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Re: delegation conflict, background

At 03:23 PM 6/28/96 -0700, Bill Frantz wrote:

>And, given that a user can log on multiple times, the results on the system
>are the same.  

Except in my system (TENEX with the Utah scheduler [Proc IEEE, ?June? 1975])
-- under which a user logged in 3 times had 1/3 the clout in each process.
Each user was given an income rate and a checkbook.  As long as he was
logged in anywhere, his income was delivered.  He paid for resources out of
his checkbook.

A user who delegates login to a friend must give him some income -- by
diverting some of the user's own rate.

>Even if the system only allows one logon/user at any given
>time, serial use by many people can load down a system.  The reason why
>neither of these forms of delegation is a major problem is that users need
>to get work done, and so do not abuse their ability to delegate.

Here, too, I tend to agree with you -- but back in 1971, it was really easy
to overload machines.  Just doing normal single-user jobs could do it.  The
checkbook mechanism was my alternative to restricting low clout users (e.g.,
undergrads) to the graveyard shift.  Instead of that, we gave them low
incomes.  In fact, we didn't give incomes directly except to the three major
research project leaders.  Each of them divided up his own income pool --
and so on until it filtered down to the poor undergrads.  That way the
sysadmin staff could wash its hands of the granting of favors (by tuning of
scheduler parameters).

All I'm trying to say with this reminiscence is that if you have good enough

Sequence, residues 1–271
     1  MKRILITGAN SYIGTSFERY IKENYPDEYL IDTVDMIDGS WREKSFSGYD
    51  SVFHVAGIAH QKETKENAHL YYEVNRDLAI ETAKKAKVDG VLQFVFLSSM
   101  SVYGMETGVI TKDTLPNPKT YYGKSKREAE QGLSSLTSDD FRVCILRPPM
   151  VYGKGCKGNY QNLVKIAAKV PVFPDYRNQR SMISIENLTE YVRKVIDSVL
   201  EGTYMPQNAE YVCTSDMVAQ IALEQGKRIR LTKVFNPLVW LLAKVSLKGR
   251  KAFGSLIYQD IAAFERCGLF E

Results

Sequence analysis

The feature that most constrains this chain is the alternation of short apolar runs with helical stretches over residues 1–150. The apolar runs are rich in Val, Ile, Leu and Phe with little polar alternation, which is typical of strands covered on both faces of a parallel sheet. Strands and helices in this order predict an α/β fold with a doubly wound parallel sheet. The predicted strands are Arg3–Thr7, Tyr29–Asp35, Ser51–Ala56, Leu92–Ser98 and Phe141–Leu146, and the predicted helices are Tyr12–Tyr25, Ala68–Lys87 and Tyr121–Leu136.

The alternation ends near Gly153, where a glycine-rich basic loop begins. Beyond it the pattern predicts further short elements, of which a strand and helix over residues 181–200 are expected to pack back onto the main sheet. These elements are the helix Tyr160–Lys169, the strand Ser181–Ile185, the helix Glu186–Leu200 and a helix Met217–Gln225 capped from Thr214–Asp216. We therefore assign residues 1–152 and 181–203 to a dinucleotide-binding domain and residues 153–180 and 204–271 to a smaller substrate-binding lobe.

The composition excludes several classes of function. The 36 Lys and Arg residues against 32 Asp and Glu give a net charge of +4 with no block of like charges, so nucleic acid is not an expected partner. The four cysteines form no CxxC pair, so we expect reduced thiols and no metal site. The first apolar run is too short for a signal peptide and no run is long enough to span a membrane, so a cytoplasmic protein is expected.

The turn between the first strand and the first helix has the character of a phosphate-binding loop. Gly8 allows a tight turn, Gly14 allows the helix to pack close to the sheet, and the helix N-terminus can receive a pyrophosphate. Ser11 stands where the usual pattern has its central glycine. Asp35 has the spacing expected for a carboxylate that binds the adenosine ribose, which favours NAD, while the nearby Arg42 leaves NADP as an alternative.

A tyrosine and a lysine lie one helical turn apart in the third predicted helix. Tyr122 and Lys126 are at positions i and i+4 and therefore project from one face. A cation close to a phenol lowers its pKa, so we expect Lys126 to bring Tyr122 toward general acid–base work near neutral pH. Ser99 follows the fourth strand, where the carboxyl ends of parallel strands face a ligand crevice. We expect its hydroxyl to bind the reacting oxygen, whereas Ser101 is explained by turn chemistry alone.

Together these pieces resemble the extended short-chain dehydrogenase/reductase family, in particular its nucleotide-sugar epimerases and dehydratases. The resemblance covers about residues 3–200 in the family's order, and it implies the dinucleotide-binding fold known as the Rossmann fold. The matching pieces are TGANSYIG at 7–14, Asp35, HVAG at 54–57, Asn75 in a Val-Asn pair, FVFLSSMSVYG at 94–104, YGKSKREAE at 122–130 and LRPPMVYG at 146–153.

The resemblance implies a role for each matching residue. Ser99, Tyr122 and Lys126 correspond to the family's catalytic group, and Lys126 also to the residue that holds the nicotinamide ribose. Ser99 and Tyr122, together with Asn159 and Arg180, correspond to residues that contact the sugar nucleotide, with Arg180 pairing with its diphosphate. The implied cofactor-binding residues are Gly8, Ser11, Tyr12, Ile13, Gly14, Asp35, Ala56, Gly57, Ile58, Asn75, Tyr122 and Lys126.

controls so that you can deliver what you promise and so that delegation
doesn't hurt anyone else, you can afford to let delegation be widespread.
Otherwise, I think you're asking for trouble.  My examples related to
performance.  The same applies to security, of course.  Is your OS secure
enough that you can afford to let a hacker log in on the same machine
holding your files?  Delegation of delegation of access interferes with your
ability to do background checks or to preserve security by threatening
employees with termination.

>(4) We shouldn't pretend to prevent what we can't prevent.

AMEN!  ...or to certify what we can't certify (like "identity" meaningful to
the verifier :).

>(5) Up-front delegation can be audited.  The back doors of proxys or key
>sharing can not.  Sysadmins can have much better control thru audit trails
>which can't be subverted than thru no-delegate attributes which can be


>If we do include no/limited delegation in SPKI, I hope we will also include
>a discussion of its weaknesses and limitations.

..you mean in our document? ..or just on the list in its archive?

 - Carl